The Times reported comments by the head of Shell’s head of gas and power divisions, Maarten Wetselaar. He defended Shell’s climate commitments, saying the company set short-term, achievable targets which BP has not yet done.
Wetselaar acknowledged BP had made a wider variety of announcements but said the company was not sure how BP had made the calculations behind its plan for net-zero emissions.
He said: “Once we understand them we will think about them but at the moment I don’t think we need to get into an arms race of CO2 targets — it’s much more important we execute our strategy to bring down our net carbon footprint.”
Responding, a BP spokesperson told Offshore Technology: “We were clear that this is our long-term ambition and that we will give more detail on our near-term plans and strategy in September.”
In 2017, Shell pledged to cut carbon intensity to 50% by 2050. Last week, BP pledged to reduce net greenhouse gas emissions for all of its products to net zero in the same time period.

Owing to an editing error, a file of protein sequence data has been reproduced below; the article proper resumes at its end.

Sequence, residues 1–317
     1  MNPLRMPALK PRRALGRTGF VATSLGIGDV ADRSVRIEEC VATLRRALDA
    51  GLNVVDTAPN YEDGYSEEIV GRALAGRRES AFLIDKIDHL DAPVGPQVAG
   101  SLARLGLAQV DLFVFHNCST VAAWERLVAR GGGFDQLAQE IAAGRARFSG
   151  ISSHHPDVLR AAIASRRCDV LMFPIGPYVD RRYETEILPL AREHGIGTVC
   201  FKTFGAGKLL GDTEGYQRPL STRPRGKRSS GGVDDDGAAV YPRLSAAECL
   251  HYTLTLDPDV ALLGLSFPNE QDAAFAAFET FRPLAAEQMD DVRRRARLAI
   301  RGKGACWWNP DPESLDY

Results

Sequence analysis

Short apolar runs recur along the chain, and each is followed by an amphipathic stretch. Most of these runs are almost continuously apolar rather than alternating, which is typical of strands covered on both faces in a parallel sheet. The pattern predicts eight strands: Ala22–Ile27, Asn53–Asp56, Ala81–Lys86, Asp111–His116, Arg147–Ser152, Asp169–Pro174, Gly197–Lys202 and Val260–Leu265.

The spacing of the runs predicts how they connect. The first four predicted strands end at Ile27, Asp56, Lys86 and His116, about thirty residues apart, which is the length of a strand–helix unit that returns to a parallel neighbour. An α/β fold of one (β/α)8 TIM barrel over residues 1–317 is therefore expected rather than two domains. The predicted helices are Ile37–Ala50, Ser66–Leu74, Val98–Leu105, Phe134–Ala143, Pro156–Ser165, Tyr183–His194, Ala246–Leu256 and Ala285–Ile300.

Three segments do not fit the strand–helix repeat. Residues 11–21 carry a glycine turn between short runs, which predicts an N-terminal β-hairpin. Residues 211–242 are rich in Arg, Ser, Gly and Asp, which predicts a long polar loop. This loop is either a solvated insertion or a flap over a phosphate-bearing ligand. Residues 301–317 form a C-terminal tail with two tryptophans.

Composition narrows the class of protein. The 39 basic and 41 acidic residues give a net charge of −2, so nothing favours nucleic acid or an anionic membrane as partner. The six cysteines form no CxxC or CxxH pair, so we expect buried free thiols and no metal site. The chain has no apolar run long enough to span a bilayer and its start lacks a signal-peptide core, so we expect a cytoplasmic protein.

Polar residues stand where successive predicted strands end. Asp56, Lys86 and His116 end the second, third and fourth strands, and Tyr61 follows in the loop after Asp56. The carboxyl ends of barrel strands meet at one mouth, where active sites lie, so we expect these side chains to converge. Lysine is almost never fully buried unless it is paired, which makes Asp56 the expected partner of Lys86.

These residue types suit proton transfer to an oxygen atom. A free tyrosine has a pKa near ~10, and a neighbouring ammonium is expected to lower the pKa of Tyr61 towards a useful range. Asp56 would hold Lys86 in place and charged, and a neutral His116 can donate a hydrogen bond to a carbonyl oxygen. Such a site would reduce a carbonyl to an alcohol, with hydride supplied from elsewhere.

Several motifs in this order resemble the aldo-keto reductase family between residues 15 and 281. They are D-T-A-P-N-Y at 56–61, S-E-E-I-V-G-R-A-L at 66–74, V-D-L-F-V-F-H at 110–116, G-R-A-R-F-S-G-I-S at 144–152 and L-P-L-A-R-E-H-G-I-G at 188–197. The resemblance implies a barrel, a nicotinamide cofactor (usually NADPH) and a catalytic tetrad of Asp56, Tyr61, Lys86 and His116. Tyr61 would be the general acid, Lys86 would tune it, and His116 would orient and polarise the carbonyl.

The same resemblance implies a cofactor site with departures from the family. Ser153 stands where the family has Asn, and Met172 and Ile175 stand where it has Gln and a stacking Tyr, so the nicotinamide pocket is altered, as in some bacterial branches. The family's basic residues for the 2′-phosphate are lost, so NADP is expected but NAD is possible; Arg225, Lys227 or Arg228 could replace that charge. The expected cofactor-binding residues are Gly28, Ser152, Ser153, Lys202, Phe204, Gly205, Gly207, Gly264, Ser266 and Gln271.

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UK-headquartered BP has faced criticism from other companies such as mining giant Glencore.
On Wednesday, Glencore predicted a carbon emissions decrease of 30% by 2035 as a side effect of depleting coal resources. The company did not set itself reduction targets.
The Financial Times reported CEO Ivan Glasenberg as saying: “2050 is a long way to go and we don’t want to come out with wishy-washy ideas.”
Glasenberg said Glencore preferred to be specific about what it announced.
Shell has not commented.